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Merrimack Valley

January 17, 2010

Coakley, Brown face off Tuesday for Kennedy's U.S. Senate seat

Senate race attracts national attention

Massachusetts is two days away from either stunning the country with one of the biggest upsets in political history or electing the presumed Democratic successor to the late Edward Kennedy's long-held seat in the U.S. Senate.

The sudden ascent of Republican state Sen. Scott Brown in the polls has thrust the Senate race into the national spotlight due to its potential impact on the national health care legislation pending in Congress and for what a Republican victory in such an overwhelmingly liberal state could portend for Congressional Democrats at the start of a midterm election year.

The latest Rasmussen Poll painted the race as a virtual dead heat, with the Democratic nominee, Attorney General Martha Coakley, leading Brown 49 to 47 percent. Independent Joe Kennedy, no relation to the late senator, polled at 3 percent, with 2 percent undecided. A Suffolk University survey released Thursday showed Brown 4 points ahead of Coakley, leading 50 percent to 46 percent, with Kennedy at 3 percent and only 1 percent undecided.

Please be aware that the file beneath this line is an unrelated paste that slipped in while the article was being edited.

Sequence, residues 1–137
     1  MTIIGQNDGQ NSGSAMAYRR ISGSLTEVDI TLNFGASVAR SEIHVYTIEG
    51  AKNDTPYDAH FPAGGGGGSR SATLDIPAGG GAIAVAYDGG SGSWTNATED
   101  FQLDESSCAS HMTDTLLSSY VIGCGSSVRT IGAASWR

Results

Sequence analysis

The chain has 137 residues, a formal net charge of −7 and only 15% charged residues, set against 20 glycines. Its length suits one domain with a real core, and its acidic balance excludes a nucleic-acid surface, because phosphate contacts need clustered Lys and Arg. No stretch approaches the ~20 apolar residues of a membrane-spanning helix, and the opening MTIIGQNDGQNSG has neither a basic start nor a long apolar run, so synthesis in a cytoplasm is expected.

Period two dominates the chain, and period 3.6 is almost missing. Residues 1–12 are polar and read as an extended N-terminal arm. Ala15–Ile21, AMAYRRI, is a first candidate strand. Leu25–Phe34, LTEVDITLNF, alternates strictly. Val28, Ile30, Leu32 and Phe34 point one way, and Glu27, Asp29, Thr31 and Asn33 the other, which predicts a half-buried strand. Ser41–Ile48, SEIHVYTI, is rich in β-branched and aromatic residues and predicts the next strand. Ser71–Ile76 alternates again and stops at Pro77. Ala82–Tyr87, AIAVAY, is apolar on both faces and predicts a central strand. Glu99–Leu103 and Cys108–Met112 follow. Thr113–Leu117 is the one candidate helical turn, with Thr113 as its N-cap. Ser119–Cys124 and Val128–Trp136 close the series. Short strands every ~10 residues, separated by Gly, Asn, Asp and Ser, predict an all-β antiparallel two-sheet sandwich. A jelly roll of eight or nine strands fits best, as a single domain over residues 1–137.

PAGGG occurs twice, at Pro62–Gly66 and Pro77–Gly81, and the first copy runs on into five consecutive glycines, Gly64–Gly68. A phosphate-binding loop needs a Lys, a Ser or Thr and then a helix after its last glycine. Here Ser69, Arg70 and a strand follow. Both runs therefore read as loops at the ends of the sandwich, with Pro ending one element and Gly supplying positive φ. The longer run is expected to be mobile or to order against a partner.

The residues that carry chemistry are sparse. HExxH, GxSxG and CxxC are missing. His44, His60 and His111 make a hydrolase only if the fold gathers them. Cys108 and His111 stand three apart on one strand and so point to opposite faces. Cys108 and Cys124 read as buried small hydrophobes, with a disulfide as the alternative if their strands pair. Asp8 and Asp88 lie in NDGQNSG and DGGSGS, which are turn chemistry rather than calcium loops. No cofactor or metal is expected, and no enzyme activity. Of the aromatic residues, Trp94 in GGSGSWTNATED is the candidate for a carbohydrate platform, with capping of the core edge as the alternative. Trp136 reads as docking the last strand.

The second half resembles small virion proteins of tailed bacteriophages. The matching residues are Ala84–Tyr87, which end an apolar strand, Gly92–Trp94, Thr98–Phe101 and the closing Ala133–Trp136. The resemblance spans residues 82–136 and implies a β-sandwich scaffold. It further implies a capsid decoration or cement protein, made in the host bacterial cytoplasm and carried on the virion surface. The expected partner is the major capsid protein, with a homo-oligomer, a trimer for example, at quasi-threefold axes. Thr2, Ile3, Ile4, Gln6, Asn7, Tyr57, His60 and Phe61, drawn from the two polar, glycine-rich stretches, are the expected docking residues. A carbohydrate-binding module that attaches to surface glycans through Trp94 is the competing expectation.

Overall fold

It was the first major poll to show Brown in the lead, and represents a stunning turnaround from just a week ago, when Coakley enjoyed a double-digit lead in some polls.

"It would be the biggest upset ever in Massachusetts if Brown wins," said Ronny Ford, a local political commentator, former talk radio personality and lifelong Democrat from Methuen. "I think (Coakley) took this guy for granted, and now she's got a big problem."

The suddenly tight race has energized local Republicans and has local clerks predicting a heavier-than-expected turnout in Tuesday's special election.

The Bay State has not elected a Republican to the Senate since 1972. Kennedy held his seat for almost 47 years until his death in August.

Local and national political pundits see the Massachusetts race and the Republican nominee's surge as an indication of what could be in store for Democrats later this year. It is also being viewed in the context of the ongoing debate over the Democratic Party's health care legislation and the liberal policies of President Barack Obama.

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